Many Australians dream about living and working overseas. However, before packing your bags, we recommend you think about what steps need to be taken to ensure you don’t end up with a hefty tax bill on your return home.
There are some key areas to note.
CGT and the family home
This is usually your biggest asset, and the tax implications can be severe if it’s not managed properly. It’s also about to potentially become even more severe if proposed changes come into effect from 1 July 2019.
US/China sentiment could lead the pack
Under the changes, if you sell a property while still overseas you will pay CGT, and the current six-year absence exemption will no longer be available. If you move back to Australia and resume living in the property within six years, the tax-free status is retained. This will, however, only happen if your tax residency also reverts to Australia.
The status of one’s tax residency should be reviewed if you are planning to move overseas for an extended period.
The ATO will determine whether a person’s tax residency has changed based on their particular circumstances and arrangements. As a rule of thumb, anything longer than three years, especially with no fixed return date and a reasonable prospect of staying in the overseas country longer, makes it more likely that tax residency will change.
However, if you’re planning to be overseas for less than two years, it is unlikely the ATO will treat the absence as a change in tax residency. Also, if you intend to move around from country to country then you are more likely to remain an Australian tax resident.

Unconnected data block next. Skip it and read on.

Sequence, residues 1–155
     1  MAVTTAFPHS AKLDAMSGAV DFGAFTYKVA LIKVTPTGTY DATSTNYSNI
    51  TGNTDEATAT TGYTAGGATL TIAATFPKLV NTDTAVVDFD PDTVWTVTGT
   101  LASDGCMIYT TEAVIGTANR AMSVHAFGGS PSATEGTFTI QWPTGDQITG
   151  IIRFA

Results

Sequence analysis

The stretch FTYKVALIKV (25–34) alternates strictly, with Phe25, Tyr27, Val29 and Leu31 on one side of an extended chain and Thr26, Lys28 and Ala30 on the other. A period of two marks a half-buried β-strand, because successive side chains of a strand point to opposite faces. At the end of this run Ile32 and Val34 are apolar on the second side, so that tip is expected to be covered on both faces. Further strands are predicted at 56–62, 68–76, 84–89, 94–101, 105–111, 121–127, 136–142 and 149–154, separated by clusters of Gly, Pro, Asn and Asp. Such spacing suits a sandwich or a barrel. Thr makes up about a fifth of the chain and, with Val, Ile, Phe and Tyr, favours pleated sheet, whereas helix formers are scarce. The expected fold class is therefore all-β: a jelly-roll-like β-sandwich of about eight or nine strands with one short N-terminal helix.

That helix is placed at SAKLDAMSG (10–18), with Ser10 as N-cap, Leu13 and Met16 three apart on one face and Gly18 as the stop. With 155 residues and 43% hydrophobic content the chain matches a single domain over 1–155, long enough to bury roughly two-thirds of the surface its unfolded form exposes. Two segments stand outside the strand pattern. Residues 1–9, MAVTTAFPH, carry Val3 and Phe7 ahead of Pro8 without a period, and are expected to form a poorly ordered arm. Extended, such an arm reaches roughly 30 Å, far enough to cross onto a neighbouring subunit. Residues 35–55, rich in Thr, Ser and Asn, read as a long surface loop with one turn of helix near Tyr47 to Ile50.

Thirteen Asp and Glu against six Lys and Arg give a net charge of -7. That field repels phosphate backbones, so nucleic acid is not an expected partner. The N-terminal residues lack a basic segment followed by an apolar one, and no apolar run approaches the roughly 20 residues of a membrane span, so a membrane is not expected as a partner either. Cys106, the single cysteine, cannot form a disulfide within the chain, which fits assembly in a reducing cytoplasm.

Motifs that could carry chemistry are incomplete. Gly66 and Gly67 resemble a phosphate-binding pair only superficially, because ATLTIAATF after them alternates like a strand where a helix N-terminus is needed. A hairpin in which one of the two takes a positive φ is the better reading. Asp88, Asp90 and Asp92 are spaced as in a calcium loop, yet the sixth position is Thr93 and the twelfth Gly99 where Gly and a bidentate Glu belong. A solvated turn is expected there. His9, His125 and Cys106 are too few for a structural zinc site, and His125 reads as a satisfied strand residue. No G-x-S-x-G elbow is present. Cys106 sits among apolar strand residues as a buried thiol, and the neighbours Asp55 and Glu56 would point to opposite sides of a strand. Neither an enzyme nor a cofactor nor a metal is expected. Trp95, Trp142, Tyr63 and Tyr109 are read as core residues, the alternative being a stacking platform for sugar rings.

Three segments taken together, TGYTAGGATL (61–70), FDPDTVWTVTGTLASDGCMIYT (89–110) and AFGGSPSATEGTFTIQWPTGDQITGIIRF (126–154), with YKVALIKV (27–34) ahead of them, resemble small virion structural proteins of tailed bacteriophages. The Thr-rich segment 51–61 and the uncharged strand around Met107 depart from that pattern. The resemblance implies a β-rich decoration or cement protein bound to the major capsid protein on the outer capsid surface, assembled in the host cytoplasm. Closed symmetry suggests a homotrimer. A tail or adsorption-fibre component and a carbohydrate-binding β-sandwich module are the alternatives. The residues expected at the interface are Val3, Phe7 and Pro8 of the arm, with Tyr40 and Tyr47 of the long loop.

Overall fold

By remaining an Australian tax resident, it is likely that you won’t have issues with CGT, however all of your foreign salary and investment income will be taxed in Australia, with a credit for any foreign tax paid on the income.
While CGT will always apply to the sale of investment properties, the CGT discount is not available for any period after 8 May 2012 during which someone is a non-resident.
For investment properties already owned at the time you move overseas, there must be an apportionment of the CGT discount for the relevant periods. The same applies for periods between the date you return to Australia and a later property sale.
If you become a non-resident then investments such as shares in companies are treated as having been sold at their market value, triggering deemed capital gains or losses unless you choose to defer the tax event. There would be no further Australian CGT implications if your assets are sold down the track while you are a non-resident.
If the investments are still owned when Australian tax residency is resumed, they will be deemed to be re-acquired at that time for their current market value, so any future capital gains or losses on sale would relate only to the movement in value for the period of Australian tax residency.
Non-resident withholding tax
Non-resident withholding tax is payable on the receipt of unfranked dividends, interest and managed fund distributions, assuming the institution making the payments has been correctly notified that the taxpayer has become a non-resident.
If you’re planning to work overseas for an extended period, you will need to consider what happens to your superannuation contributions and balance. The longer the absence, the harder it will be to build up a super balance sufficient enough to fund retirement. It can be very hard to make up for lost time and advice and planning is recommended.
SMSF members and trustees who lose their Australian tax residency status may also discover that their fund has become non-complying. Careful planning can help anticipate and overcome any negative consequences that may arise.
Peter Bembrick is tax partner at HLB Mann Judd Sydney.
Make your money work with Yahoo Finance’s daily newsletter. Sign up here and stay on top of the latest money, news and tech news.